The Fly’s Eye was a crude cosmic ray detector perched on top a Utah mountain in the early 80s and 90s. It’s long obsolete now, but it’ll always have a place in astronomy history: On October, 15 1991, it detected something called the Oh-My-God particle, a cosmic ray going faster than astronomers thought possible.
Natalie Wolchover in Quanta Magazine has penned an eloquent history of the Oh-My-God particle and how it’s shaped physics in the decades since. But first, you might want to understand exactly how fast this thing was going and why it shocked astronomers so:
A cosmic ray from space, it possessed 320 exa-electron volts (EeV) of energy, millions of times more than particles attain at the Large Hadron Collider, the most powerful accelerator ever built by humans. The particle was going so fast that in a yearlong race with light, it would have lost by mere thousandths of a hair. Its energy equaled that of a bowling ball dropped on a toe. But bowling balls contain as many atoms as there are stars. “Nobody ever thought you could concentrate so much energy into a single particle before,” said David Kieda, an astrophysicist at the University of Utah.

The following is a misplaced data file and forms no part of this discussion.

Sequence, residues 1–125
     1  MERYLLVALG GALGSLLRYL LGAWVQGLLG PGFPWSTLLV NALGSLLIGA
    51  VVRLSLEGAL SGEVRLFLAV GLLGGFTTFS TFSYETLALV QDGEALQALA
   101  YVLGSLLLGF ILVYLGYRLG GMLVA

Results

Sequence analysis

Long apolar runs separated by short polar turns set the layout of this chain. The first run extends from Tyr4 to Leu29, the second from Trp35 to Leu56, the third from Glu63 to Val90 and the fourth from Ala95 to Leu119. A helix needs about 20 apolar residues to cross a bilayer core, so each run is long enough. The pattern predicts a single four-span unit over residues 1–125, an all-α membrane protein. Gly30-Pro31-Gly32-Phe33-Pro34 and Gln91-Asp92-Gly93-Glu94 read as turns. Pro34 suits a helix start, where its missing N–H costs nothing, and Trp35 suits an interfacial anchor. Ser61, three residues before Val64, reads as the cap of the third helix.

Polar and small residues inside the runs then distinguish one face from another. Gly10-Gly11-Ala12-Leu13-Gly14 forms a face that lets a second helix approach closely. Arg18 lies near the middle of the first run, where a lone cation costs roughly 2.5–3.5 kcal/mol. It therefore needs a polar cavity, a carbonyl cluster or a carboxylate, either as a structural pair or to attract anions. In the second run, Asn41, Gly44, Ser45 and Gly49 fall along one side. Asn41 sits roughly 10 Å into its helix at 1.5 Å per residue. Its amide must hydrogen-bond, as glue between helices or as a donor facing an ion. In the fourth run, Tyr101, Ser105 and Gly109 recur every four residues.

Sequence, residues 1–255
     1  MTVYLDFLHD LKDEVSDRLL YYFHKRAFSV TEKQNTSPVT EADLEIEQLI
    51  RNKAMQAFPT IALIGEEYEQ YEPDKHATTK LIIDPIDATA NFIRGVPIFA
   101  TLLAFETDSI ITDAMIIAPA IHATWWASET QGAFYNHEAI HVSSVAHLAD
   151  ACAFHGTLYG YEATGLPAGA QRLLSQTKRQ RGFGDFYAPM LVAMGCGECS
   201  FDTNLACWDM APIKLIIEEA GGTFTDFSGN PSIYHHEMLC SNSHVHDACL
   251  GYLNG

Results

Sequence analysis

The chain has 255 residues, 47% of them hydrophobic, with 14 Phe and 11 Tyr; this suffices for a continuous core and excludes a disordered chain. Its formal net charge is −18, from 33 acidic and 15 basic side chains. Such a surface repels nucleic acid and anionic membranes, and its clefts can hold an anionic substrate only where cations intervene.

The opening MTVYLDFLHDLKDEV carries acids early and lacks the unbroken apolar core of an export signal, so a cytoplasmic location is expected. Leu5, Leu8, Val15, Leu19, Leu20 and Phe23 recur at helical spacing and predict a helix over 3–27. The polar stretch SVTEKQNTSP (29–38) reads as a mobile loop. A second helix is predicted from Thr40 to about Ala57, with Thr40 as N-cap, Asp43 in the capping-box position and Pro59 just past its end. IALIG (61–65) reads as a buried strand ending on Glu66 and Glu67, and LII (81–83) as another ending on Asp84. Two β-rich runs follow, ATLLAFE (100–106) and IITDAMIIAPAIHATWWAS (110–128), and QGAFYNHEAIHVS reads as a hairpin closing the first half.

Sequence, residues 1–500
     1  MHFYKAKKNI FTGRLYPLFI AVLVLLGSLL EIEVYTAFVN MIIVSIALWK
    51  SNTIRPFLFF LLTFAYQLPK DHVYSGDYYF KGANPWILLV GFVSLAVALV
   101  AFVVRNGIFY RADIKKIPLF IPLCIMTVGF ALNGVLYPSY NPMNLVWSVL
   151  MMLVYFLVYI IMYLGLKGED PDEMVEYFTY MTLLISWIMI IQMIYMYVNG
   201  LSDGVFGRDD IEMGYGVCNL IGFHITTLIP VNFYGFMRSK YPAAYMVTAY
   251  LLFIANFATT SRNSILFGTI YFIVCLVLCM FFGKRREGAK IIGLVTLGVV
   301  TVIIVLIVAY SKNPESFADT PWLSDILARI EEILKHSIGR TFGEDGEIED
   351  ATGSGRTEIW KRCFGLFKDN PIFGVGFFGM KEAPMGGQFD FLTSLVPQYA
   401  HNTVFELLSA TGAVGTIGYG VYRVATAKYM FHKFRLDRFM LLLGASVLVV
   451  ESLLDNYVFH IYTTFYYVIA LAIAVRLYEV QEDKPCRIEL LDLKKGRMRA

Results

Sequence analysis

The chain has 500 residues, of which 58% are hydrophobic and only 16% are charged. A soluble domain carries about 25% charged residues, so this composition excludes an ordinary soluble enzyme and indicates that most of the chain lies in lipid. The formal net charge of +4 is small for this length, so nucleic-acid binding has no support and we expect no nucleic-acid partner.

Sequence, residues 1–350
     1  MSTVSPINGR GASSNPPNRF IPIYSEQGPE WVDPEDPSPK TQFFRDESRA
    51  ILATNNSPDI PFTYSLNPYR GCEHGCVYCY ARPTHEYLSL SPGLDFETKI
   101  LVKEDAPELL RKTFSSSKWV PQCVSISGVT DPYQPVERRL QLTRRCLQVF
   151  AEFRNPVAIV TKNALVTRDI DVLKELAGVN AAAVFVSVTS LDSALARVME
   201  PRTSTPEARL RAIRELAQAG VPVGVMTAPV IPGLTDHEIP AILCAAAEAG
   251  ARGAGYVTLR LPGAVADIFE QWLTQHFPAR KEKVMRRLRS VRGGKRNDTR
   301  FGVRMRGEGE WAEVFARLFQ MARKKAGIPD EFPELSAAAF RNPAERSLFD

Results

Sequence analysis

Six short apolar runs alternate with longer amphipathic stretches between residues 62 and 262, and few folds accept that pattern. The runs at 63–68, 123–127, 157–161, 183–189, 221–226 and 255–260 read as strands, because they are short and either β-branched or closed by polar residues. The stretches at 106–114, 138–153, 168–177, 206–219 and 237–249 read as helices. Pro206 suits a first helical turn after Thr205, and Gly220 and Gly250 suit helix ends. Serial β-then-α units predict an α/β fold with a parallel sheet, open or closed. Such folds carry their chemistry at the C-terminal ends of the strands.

Aside from the sheer magnitude of its energy, the Oh-My-God particle went up against a cosmic speed limit known as the GZK cutoff, which held that cosmic rays going faster than 60 EeV should be slowed down by background radiation. That mean’s ultrahigh energy cosmic ray must have originated from somewhere nearby, but where?
In the quarter century since, astronomers have erected ever larger and more powerful detectors in search of an answer. Head over to Quanta to read more.
Top image: The Fly’s Eye array in Utah. Credit:HiRes
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